Jo Anne Macrina, PE

Jo Ann Macrina is the Deputy Director of Utilities for the City of Daytona Beach. She received a BS in Civil Engineering from the University of Texas in Austin and a MA in Public Administration from the University of South Florida in Tampa and is a registered engineer in Florida and Georgia. She has more than 30 years in Water Resources, transportation, regulatory compliance, and development spanning both the private and public sectors directing several departments with revenues up to $600M and a $1B CIP. Her achievements include initiating and directing a $300M deep rock tunnel, six miles of permeable paver project for flood reduction and system capacity increase, cloud analytics for spill reduction and operational efficiency, successful compliance with consent decrees, multiple urban flood reduction projects, combined sewer separation, model green infrastructure program, WRC headworks replacement, decommissioning of a 1910 wastewater treatment plant, multiple educational campaigns, several award-winning watershed improvement projects, complex bridge upgrades, a roundabout, and 2 bond rating increases resulting in $20M annual savings. Ms. Macrina was awarded Engineer of the Year in Government by the Georgia Engineering Alliance in 2014, was appointed by the Governor of Georgia to be on the Advisory Board for Erosion and Sedimentation Control, on the Board of Directors for NACWA and US Water Alliance, and currently a member of the Florida WateReuse Board. She recently became an ASCE Fellow.


Heather Obara, Esq.

Heather received an Honors Certificate in Environmental and Earth Law during her time at Barry Law, and was selected as the Environmental and Earth Law Student of the Year by her law school professors. She is a member of the Florida Bar and been an active member of the environmental community with various non-profit organizations. She served as the Outreach Director for Florida Springs Institute and has also served on the Board of Directors of the Silver Springs Alliance (2015-2018). She has also served as a member of the Blue Spring Alliance Steering Committee and currently serves on the Board of Directors for the Florida Springs Council as the Secretary-Treasurer and Education and Communications Committee Chair.


Lisa Marie Prescott, M.Ed., CEHP

Mrs. Lisa Marie Prescott, speaking on behalf of Florida Onsite Wastewater Association, is a certified environmental health professional in onsite systems. She is also a secondary teacher in science and mathematics.


Keith Riger

Keith Riger is a professional engineer who has been responsible for construction of more than 100 governmental capital projects, as well as maintenance, operations, renewal, and replacement of public infrastructure for local governments in Florida and Georgia. He serves as DeLand’s Director of Public Services in charge of the public works, stormwater, utilities, engineering, and airport divisions.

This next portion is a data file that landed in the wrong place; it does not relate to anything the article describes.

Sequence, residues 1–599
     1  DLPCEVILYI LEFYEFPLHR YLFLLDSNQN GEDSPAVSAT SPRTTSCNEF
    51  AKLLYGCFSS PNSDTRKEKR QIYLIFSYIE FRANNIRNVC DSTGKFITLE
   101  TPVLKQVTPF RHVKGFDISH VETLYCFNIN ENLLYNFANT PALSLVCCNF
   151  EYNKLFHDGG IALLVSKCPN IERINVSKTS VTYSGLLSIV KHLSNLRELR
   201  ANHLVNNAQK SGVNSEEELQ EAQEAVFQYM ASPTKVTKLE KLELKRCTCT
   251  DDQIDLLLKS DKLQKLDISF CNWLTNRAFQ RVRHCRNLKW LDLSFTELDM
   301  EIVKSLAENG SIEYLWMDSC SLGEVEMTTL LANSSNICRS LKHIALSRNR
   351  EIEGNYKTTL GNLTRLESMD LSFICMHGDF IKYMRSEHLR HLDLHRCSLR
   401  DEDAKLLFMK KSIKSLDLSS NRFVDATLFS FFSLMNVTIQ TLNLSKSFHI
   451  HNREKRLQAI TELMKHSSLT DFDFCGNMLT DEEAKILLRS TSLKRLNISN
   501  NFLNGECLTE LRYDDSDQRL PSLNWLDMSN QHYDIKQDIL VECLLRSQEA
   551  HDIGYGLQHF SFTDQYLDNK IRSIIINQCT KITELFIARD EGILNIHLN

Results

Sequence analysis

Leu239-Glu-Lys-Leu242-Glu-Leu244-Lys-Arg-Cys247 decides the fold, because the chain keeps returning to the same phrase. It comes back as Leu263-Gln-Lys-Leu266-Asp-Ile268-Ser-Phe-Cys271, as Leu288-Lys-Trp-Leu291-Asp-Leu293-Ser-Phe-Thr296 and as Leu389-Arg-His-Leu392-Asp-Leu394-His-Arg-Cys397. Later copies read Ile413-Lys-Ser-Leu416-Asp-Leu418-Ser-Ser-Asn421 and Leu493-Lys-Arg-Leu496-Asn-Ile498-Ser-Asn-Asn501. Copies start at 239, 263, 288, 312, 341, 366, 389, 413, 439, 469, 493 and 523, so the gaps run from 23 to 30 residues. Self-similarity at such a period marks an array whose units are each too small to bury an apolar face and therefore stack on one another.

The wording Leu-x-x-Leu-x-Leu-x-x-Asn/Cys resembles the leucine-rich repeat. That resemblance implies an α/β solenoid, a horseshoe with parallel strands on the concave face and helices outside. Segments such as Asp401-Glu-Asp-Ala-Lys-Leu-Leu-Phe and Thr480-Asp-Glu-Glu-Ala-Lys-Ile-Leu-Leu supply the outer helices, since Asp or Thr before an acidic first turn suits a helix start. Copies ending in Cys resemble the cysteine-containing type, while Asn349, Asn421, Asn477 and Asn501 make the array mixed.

Lisa Rinaman

As the St. Johns Riverkeeper, Lisa is the chief advocate and public’s voice for the St. Johns River. Her responsibilities include: holding regulatory agencies and those polluting the river accountable; identifying and advocating for solutions that will protect and restore the river; working with government entities, businesses, community leaders and citizens to resolve problems that impact the river’s health; and communicating with the media and the public to educate and raise awareness about important river-related issues. As a former senior staff member for Jacksonville Mayor John Peyton, Lisa Rinaman has extensive experience building consensus around issues and helping implement numerous environmental initiatives and policies. Lisa was instrumental in leading the effort to develop and implement irrigation, fertilizer and Florida Friendly landscaping ordinances to better protect the St. Johns and local waterways. She also played a key role in securing state funding for water quality improvements, organizing the city’s successful Manatee Protection Plan, and pushing for programs necessary to fulfill the River Accord restoration plan for the Lower St. Johns River. Before being named the St. Johns Riverkeeper, Lisa served as a valuable member of the St. Johns Riverkeeper Water Policy Group (WPG), a group that advocates for water conservation and reuse and policies that are more protective of our water resources.


Joe Sewards

Joe Sewards has lived in Florida for 28 years, first in Tallahassee, later in St. Augustine, and finally in Volusia County. His 12-year tenure with the University of Florida’s Institute of Food and Agricultural Sciences Extension has taken him to St. Johns County and Putnam County, and he landed in the Volusia County Extension office in 2013. His specialties are Florida Friendly Landscaping, sustainable gardening, low-impact development, and managing Master Gardener Program volunteers.


Deborah Shelley